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Networking Windows and Linux

Samba daemon on your system, you can move on to configuring it.

Samba shares

For Windows-based PCs to view your Linux machine, you have to configure Samba.

You can either use the graphical interface or manually edit the Samba configuration

file. (/etc/samba/smb.conf). Start up your favourite text editor, and open the

smb.conf file. There are various sections that you can change depending on your

needs, but the most basic is where you just specify the share name, the path

and the user rights. Go to the section marked as

[tmp] comment = Temporary file space path = /tmp read only = no public = yes

The [tmp] name denotes the name of the share that will be displayed when anyone

tries to access your machine through the Network Neighborhood. The comment tag

describes the information about the share [tmp]. The most important line is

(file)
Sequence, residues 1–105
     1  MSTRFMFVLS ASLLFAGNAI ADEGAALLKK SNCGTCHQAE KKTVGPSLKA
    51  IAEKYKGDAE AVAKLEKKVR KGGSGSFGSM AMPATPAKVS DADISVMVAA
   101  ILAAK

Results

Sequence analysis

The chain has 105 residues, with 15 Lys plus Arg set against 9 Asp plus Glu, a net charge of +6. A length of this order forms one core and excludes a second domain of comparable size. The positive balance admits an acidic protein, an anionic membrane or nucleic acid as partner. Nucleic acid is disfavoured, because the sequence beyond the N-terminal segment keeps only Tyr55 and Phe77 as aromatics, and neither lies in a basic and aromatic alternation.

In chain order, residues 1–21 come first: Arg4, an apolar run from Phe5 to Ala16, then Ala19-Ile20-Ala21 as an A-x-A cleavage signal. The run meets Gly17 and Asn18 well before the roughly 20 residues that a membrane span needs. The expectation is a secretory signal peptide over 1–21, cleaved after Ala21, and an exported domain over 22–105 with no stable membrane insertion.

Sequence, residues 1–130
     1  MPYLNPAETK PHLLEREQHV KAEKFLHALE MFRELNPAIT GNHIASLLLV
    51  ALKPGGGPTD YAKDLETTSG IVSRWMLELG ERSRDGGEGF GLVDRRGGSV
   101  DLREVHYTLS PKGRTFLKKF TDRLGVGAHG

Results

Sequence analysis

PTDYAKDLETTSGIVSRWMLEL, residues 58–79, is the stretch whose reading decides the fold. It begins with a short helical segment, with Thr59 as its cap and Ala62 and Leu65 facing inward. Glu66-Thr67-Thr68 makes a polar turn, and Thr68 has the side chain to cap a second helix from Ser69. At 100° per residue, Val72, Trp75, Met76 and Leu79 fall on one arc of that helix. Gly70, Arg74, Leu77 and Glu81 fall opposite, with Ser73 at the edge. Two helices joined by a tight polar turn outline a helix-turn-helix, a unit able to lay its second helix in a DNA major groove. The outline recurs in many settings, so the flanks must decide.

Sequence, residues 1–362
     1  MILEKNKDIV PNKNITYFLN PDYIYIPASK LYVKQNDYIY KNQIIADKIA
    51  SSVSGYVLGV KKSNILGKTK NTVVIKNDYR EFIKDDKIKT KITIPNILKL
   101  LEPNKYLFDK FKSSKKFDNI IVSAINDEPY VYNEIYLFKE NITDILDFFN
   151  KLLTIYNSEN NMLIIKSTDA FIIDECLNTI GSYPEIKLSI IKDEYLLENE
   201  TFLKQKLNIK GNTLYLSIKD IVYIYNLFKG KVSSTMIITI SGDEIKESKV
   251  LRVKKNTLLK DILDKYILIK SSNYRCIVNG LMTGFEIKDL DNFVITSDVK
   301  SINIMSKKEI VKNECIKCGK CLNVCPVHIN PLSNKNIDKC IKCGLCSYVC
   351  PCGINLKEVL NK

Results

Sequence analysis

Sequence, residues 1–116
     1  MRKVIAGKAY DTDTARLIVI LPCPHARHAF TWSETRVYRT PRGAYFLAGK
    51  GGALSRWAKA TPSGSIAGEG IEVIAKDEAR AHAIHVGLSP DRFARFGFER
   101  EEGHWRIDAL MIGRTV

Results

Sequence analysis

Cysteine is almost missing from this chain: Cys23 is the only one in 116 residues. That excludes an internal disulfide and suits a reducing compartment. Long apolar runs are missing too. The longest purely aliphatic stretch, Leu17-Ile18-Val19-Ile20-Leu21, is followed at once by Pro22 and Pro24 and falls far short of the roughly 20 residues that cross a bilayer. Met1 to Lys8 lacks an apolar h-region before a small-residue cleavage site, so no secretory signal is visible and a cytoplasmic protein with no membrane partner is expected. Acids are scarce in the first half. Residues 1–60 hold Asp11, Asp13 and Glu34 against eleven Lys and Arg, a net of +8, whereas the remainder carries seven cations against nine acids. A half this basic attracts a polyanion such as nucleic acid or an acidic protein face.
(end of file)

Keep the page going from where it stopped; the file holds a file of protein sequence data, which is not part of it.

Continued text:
the one about the path, where you specify the folder which has to be shared.

Ensure that the folder has the appropriate security settings to allow others

to read or write to it. The read only = no line means that people can also write

on the share. The same read only = tag can be made yes to make it only readable

by users. The public = yes tag makes the share available for all the public

around to see. Similarly, public = no will not allow everyone to access the

share; only the particular user will gain access. At the same time, in the security

section, change the security to share if you are not using Windows NT domain.

If working with text-based commands is too difficult, then there are graphical

interfaces that also allow you to configure Samba. The KDE desktop environment,

for instance, has a utility called Ksamba. GnoSamba is a Gnome program for configuring

your smb.conf and other Samba files accordingly. This helps in creating and

editing Samba shares very efficiently and also easily. There are many other

Samba utilities that ease your task and give you more control over the shares.

Maps of the world

After you have finished installing and configuring Samba on your Linux distribution,

you can go to any machine on your network and see your computer along with the

other Windows machines. Like with any other networked computer, you can map

the Linux share as a drive. You can access your Linux machine from other *nix

systems using smbclient, a Samba client that allows you to connect to a Samba